Summer Picnic Essentials

The sun is out, the sky is blue, and the subway is an icebox. In New York, these signs can only indicate one thing: It is officially picnic season.


Now we love to complain about how crowded this city is — all those people smushed in the cracks between a mishmash of buildings that would give any self-respecting urban planner a migraine. But one area where New York excels is green spaces. This city has parks coming out the wazoo. And not just parks: accessible parks, where you can walk and lounge and cartwheel on the grass to your heart’s content. Some of us are blessed with air conditioning, others make do with an elaborate Rube Goldberg-esque concoction of fans in every size and ilk. But all of us need to get out of our apartments every once in a while, and what better way than with a picnic.

I’m a firm believer that food tastes better outdoors, due to some alchemy of fresh breeze and grass or tree smell playing across your palette like a classical violin. I’ve picnicked on rooftops and riverbanks and islands and once, recently, on a 1920s-themed lawn. And I’ve learned, through my adventures en plein air, that there are a few things you should have to make your picnicking experience as enjoyable and stress-free as possible. These are some of my essentials.


A Blanket: I recommend one with a waterproof side, so you don’t end up with a soaked derriere thanks to a recent shower. And if you can find one that collapses for carrying convenience, even better. (Target, $19.99)


A Large Tote: The fancy-pants among you may be turning up your noses in favor of a bona fide wicker basket of some kind. But even price point aside, I actually prefer a tote for its versatility (and lower splinter potential). Make sure you get one that’s roomy enough for a picnic’s worth of delights, and with long handles should your load be heavy. (Matthew Gray Gubler, $22)


Insulation: A picnic requires refreshments. And nothing ruins a good picnic like food or drink that is meant to be served cold arriving in your mouth decidedly tepid. You can opt for a cooler or insulated lunch bag of some sort, or you could even combine steps one and two and go full-on insulated tote. (MIER, $15)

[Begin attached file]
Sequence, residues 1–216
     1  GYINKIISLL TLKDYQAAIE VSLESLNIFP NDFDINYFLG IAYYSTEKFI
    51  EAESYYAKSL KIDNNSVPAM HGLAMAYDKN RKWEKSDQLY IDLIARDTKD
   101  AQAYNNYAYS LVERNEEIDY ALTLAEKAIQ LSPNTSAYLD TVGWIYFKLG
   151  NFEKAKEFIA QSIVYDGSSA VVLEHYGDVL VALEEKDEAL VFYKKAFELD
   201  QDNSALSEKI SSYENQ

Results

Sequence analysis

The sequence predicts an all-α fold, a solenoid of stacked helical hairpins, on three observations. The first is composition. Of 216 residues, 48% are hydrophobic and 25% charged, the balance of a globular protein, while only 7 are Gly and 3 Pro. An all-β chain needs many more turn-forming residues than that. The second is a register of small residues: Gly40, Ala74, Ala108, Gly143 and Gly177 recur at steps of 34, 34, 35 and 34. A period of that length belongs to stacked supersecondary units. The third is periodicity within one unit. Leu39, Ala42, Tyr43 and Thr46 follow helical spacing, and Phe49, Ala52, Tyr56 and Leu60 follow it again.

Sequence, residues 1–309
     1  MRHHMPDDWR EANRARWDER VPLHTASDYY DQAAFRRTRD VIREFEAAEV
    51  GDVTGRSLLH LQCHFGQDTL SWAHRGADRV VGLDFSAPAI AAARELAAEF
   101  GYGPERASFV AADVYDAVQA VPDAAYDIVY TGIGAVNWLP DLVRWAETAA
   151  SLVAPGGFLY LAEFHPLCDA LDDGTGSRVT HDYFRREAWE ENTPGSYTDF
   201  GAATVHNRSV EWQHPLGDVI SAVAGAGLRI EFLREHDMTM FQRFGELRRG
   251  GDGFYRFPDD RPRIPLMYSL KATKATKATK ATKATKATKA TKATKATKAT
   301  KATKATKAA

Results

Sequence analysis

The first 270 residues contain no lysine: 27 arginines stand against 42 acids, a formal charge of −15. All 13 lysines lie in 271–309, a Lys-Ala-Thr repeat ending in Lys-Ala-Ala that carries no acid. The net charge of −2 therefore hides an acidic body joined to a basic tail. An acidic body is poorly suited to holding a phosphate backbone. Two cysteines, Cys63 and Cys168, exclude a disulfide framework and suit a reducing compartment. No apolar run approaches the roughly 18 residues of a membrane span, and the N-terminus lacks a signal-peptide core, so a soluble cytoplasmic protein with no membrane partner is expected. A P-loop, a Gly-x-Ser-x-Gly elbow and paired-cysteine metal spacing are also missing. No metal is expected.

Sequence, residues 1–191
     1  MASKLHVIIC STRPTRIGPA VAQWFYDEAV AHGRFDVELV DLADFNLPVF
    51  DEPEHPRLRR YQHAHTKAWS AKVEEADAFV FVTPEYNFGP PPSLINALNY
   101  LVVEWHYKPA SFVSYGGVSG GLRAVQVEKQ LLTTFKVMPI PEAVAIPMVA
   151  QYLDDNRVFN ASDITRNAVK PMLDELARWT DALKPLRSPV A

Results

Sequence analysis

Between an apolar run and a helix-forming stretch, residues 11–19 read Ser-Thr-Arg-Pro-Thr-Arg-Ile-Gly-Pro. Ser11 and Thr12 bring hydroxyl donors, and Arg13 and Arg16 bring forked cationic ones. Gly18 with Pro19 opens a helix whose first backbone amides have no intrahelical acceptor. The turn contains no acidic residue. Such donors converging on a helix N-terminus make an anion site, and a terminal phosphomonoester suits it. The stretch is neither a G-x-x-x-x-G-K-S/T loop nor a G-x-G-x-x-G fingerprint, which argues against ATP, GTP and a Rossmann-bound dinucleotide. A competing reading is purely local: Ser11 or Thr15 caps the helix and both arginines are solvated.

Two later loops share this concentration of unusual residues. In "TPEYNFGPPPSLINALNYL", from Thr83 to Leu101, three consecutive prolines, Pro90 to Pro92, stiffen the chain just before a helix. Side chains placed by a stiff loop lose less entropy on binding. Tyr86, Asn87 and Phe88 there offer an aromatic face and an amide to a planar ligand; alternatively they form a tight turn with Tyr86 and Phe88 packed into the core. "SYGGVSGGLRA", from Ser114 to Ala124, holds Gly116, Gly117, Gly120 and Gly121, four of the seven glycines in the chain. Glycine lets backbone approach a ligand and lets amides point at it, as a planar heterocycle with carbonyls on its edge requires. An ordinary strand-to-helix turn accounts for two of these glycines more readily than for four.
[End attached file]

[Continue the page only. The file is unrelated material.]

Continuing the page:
Thermos: What’s worse than lukewarm food? Lukewarm drinks. Repeat after me, kids: Thou shalt chill the rosé. And bring an insulated bottle or thermos so you can enjoy it as the good lord intended (S’Well, $42)


Sun protection: Once, as a young teen, I was told that I would “make an awesome goth” because of my pale, pale skin and dark, dark hair. But even if you’ve been melanin-ly blessed, you should never venture out under the sun’s rays without a little SPF. And speaking of sun, don’t forget about sunglasses! They’ll keep you from squinting uncomfortably at your fellow picnickers, and make you look cool and stylish to boot. (Neutrogena, $10.49)


Entertainment: If you have planned your picnic correctly, carefully selected your companions for maximum conviviality and adventure and brought enough tasty treats and drinks to leave everyone sated, you should be set for a marvelous time. But while the picnic can be the activity in and of itself, it never hurts to have a little extra fun in your bag.  A Frisbee, a volleyball, or a compact group game will not go amiss, and will leave your fellow picnic-goers marveling at your expert hosting skills. Also a good call? A Bluetooth speaker to provide the soundtrack to your festive outing. (Jawbone, $59.99)


Nitty gritty: Finally, these are some things that are not terribly glamorous but will vastly improve your picnic experience: hand sanitizer, wipes, paper towels, and a trash bag. We’re lucky to be blessed with such magnificent lawns and benches and knolls in which to do our summer dining. Leave your space just as clean (or better yet, cleaner) for the next folks.



Jennifer Harlan is a blogger by day and a journalist by night. In her past lives, she has baked wedding cakes, taught French children to sing "Jingle Bells," and translated Italian poetry. She loves bookstores, Derby pie, and the Oxford comma.

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